– By Michael Arceneaux
During the first commercial break of the new NBC drama, Shades of Blue, I received the following text message: “When the f**k did J.Lo get to be a good actress?”
There are two types of critiques about Jennifer Lopez the actress that I often feel are unfair. The first being that she is not a solid actress. I’ve never held that belief, only I do believe for every Selena or Out of Sight, there are the majority of other film roles. Most of them lack complexity, which makes it not totally surprising to notice some see Lopez display depth and range and wonder if she’s been possessed by the spirit of a more gifted talent.
I’m not sure whether that’s a symptom of Lopez’s choice in roles or the roles Hollywood has offered her over the years. I assume it’s the latter so it makes sense that Lopez, like many other minority actresses, have turned to television for better opportunities to show what she can do. Though it remains to be seen if
Shades of Blue will prove to be that, based on the pilot, Lopez appears to be in good hands.
Lopez plays Detective Harlee Santos,a single-mother and right hand to Lt. Bill Wozniak, played by Ray Liotta. They are crooked cops full of righteous indignation. In their minds, their bribe-taking and other law-evading activities are just because they’re doing what’s necessary to keep their precinct safe. Similarly, their paltry pay rate makes their supplemental income a necessity. Unfortunately, Lopez finds herself caught and subsequently forced to work in the FBI’s anti-corruption task force for no other reason than she can’t bear to go jail and leave her teenage daughter behind.
When I saw Det. Santos get placed in handcuffs and hauled away, all I could think was yet another white man is ruining Jennifer Lopez’s career. I immediately flashbacked to Jenny’s time with Ben Affleck. Forgive me for being very Flashback Friday right now, but that was a very dark period in my life.
That said, while I do think the plot twist makes for an interesting show premise, I do wonder exactly how long Shades of Blue can work as a show. There are so many shows on television now with strong premises that seemingly have short shelf lives. When they become hits, the networks stretch them out far longer than they should — typically ruining what should’ve been a short and sweet yet enjoyable run.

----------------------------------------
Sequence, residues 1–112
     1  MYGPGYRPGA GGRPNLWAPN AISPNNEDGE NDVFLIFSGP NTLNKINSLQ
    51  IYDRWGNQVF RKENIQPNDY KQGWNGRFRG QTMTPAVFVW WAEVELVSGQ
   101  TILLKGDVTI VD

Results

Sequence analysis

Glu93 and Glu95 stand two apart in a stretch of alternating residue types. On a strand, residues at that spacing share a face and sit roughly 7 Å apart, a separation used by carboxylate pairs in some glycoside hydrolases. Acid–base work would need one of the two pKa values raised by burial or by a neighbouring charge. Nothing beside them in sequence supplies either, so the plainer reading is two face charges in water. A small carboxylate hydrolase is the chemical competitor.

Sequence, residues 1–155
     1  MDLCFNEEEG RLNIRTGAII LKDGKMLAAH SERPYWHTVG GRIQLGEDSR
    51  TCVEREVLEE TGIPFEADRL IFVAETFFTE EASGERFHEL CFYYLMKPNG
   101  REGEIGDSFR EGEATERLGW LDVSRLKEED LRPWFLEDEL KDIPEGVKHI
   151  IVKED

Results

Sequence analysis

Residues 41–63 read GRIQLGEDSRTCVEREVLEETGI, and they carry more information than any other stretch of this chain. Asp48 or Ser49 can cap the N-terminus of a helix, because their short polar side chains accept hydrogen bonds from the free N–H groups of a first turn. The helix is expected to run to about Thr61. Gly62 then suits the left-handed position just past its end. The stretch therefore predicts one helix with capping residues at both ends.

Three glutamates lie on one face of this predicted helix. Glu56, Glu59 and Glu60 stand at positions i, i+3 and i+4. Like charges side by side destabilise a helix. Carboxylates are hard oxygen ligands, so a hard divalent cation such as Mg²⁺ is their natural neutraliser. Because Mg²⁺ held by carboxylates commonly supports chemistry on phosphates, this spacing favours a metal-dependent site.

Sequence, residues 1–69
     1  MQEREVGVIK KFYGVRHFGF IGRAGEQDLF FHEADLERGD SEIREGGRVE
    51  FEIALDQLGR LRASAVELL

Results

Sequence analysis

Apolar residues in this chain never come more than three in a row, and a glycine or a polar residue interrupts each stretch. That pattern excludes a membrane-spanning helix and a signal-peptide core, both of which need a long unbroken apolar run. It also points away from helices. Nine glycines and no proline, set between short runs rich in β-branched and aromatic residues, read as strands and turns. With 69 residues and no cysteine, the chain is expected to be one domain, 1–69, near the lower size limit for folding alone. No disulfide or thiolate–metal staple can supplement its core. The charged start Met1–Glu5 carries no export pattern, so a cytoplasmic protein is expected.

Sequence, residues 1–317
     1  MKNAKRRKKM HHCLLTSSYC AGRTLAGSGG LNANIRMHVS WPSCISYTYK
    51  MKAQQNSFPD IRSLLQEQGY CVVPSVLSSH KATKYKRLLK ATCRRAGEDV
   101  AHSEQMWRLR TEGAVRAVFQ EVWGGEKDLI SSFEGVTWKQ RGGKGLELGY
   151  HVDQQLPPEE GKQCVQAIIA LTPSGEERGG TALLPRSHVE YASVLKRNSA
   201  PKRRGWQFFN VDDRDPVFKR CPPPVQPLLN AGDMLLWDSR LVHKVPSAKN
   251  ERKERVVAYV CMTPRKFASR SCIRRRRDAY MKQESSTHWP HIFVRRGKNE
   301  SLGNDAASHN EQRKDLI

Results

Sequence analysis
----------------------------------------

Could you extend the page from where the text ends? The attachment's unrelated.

I’m curious to see how the writers make this show work beyond a single season, but in the meantime, I’ll enjoy the good acting from each cast member that spares Shades of Blue from being yet another cop show that we don’t need.
Admittedly, though, my immediate reaction to the show within its first few minutes was that Jennifer Lopez is the most glamorous police officer that I’ve ever seen. That leads me to the other critique about Lopez that wears me: the focus on how pretty she is and how it’s purportedly distracting when she’s playing roles like a maid or police officer. I may be caught up in Lopez’s beauty, but not to the point where I ever feel it makes her roles implausible.
To be fair to the Bronx’s greatest creation (sorry, everyone else) I don’t think it’s possible for Jennifer Lopez to look bad. She literally cannot help it. Some people need to suck that truth up and let that boring line of criticism go already.
As gorgeous a crooked cop as Lopez looks, it does negate shift from her character being anything but. She is someone who takes money in exchange for looking the other way. She is someone who is supposed to enforce the law, but finds herself covering up the wrongful shooting deaths of unarmed citizens. To wit, when I hear Santos stage a cold-blooded killing as a clean shooting by quipping “the truth is in the paperwork,” I can’t help but hear that line, think about the times we live in, and cringe a little.
Worse, Santos is unapologetic and essentially cold in her hypocrisy. She has truly convinced herself that what she does is worth it. That makes for a rather unlikable character on paper, but what I like about that is Lopez could have easily played someone easier and safer, but she opted for this role anyway. She wanted something messier and challenging.
It’s about time.